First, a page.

Bradenton Beach city attorney Ricinda Perry announced Jan. 17 that a contract between the city and the Center for Municipal Solutions was being negotiated to provide CMS co-founder Lawrence “Rusty” Monroe to continue serving the city in the review cell tower applications.
It was a signal that at least one aspect of an ongoing feud was coming to an end. There remains some public opposition to the city’s proposal to have a cell tower installed on city property near the public works building.
At the heart of the feud is Commissioner Ric Gatehouse’s claim that the ordinance prepared by Monroe was ambiguous in nature and financially advantageous to Monroe. He said the agreement was unfair and to the detriment of local businesses.
Gatehouse first called for the ordinance to be repealed, but settled on amending parts of the ordinance. His proposals received a consensus from his fellow commissioners and Gatehouse’s amendments are being addressed by city staff.
The amended ordinance, including Monroe’s CMS contract, could come up for vote as soon as the Feb. 7 commission meeting at Bradenton Beach City Hall.
Monroe initially took exception to Gatehouse’s issues with his ordinance and sent letters to the city objecting to the accusations. He said he no longer wished to work with the city.
Perry’s Jan. 17 announcement that a contract with Monroe and CMS was being negotiated came as a surprise, and very few details were discussed at the city meeting, but Gatehouse later wanted to make it clear the city was not backing away from the changes it wanted.
“We didn’t have a lot of discussion on it because we were still working on the details of the contract,” said Gatehouse.
The commissioner said it was never his intention to have Monroe pull out, but rather to have certain aspects of the ordinance changed to the benefit of the city and local businesses.
“His letter stating he no longer wished to work with the city was his choice,” said Gatehouse. “But he came back to us after the fact and said he was willing to agree to the changes.”
The key amendments Gatehouse sought in the ordinance were to have Monroe’s fee schedule removed and to implement the city’s fee rate.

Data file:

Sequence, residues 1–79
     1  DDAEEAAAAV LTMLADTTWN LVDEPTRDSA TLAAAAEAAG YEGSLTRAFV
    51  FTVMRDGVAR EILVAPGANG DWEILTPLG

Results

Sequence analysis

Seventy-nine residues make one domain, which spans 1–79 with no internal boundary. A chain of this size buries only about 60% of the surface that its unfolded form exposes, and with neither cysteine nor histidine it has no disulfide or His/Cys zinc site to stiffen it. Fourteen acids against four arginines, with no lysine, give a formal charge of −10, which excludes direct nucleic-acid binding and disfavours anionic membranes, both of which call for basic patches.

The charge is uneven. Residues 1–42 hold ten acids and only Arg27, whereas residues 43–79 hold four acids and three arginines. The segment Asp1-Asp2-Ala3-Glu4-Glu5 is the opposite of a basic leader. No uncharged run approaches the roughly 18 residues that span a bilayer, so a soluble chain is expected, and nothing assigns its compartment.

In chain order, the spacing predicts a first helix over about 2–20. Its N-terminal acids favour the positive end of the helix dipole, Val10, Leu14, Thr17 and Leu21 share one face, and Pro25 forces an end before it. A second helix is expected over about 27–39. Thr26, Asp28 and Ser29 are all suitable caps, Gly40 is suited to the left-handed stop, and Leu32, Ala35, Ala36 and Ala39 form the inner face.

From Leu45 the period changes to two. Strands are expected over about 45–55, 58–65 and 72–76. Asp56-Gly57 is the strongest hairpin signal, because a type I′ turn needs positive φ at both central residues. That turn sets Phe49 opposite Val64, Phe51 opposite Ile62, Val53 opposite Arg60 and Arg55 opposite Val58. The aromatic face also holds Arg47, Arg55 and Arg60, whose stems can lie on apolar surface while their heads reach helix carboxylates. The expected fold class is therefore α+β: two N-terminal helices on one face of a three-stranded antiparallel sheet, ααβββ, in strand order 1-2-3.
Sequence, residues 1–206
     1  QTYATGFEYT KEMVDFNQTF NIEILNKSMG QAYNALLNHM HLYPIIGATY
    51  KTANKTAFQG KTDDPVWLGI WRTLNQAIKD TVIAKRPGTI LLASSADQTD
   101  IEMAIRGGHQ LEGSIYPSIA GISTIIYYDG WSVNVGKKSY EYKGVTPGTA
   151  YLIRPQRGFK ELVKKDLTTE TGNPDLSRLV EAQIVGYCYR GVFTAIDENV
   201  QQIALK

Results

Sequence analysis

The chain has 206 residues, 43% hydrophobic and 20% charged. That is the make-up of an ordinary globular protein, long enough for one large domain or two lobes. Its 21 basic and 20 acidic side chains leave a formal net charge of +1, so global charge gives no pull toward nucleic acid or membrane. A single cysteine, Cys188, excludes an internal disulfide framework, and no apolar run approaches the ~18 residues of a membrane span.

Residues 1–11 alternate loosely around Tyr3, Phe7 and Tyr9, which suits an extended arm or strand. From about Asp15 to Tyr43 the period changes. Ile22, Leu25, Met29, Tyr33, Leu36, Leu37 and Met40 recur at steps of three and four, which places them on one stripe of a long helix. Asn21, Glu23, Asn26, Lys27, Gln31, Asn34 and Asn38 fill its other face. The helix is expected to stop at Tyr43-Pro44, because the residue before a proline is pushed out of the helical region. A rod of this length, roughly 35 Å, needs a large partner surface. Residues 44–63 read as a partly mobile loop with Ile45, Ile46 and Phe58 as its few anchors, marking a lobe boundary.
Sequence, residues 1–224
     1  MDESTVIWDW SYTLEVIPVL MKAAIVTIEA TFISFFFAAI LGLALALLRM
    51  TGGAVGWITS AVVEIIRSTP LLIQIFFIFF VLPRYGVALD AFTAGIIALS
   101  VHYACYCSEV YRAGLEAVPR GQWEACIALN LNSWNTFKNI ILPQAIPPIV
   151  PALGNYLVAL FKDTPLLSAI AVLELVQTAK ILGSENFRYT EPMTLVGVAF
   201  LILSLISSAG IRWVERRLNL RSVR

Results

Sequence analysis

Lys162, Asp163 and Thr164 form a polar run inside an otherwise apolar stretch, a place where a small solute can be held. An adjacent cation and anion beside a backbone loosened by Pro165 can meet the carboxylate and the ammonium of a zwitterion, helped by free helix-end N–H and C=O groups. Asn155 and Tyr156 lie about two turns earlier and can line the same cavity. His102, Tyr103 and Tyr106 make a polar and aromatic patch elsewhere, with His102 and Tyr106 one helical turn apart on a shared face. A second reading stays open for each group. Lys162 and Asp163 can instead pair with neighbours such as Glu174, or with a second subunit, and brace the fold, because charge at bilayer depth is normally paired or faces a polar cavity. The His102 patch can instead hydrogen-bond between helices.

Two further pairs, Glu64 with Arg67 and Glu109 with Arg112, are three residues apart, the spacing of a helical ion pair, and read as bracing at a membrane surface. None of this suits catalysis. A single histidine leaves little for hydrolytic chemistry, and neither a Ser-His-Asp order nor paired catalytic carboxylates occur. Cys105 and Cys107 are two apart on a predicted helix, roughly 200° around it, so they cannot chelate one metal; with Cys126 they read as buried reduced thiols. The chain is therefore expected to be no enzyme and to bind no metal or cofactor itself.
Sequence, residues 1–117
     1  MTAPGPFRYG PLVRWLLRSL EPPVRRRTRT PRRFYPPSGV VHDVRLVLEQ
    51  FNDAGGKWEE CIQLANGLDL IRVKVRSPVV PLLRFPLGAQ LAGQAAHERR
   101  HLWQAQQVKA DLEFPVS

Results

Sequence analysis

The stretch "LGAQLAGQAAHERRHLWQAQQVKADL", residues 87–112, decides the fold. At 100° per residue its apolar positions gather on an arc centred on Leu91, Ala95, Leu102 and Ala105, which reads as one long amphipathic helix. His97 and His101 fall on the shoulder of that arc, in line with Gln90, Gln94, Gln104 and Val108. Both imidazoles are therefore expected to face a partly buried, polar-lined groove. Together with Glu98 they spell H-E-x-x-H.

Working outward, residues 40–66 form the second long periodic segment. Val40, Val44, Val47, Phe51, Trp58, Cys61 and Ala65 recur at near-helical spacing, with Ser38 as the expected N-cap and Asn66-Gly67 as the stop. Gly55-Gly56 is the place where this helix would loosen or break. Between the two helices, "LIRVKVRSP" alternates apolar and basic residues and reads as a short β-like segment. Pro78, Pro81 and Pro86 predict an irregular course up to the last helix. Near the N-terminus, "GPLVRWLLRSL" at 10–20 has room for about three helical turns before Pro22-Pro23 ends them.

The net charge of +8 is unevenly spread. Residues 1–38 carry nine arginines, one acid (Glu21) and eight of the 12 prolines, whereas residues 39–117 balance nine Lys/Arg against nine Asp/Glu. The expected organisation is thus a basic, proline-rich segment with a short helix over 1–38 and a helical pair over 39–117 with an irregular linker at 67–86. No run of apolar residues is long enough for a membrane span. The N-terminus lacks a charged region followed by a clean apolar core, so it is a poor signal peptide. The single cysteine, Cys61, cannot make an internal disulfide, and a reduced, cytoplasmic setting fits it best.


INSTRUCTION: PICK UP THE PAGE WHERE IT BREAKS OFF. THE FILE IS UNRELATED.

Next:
“That was one of the biggest issues,” said Gatehouse. “When the new ordinance is adopted, anyone wishing to put up an antenna will be subject to the city’s fee schedule, per our building department. It’s not a one-size-fits all situation in Bradenton Beach.”
Gatehouse said another issue in the original ordinance was that an application for an antenna was treated the same no matter the height. The issue came to the forefront when AMI Radio submitted an application for an 8-foot-tall radio antenna.
Gatehouse said it would have cost AMI Radio thousands of dollars to have their application undergo the process in the current ordinance.
“Not every application should be considered the same,” said Gatehouse. “If it’s an 8-foot tower, such as the case for AMI Radio, it shouldn’t cost someone that kind of money when it can come through our own building and planning department. Now applications will be handled according to height, and if someone wants a 40-foot tower, then it falls under the ordinance requirements.”
Gatehouse said several other changes to the ordinance language also are being addressed.
“My intentions were to make these changes and the commission approved those changes,” he said. “Mr. Monroe initially didn’t agree, but he sent us some new proposals to make a compromise.”
Gatehouse said he was never standing in the way of CMS work with the city and is glad things are moving forward in a cooperative effort.
“I think we have reached a compromise that will allow us to move forward in a way that is beneficial to all concerned, but especially to the small businesses of Bradenton Beach.”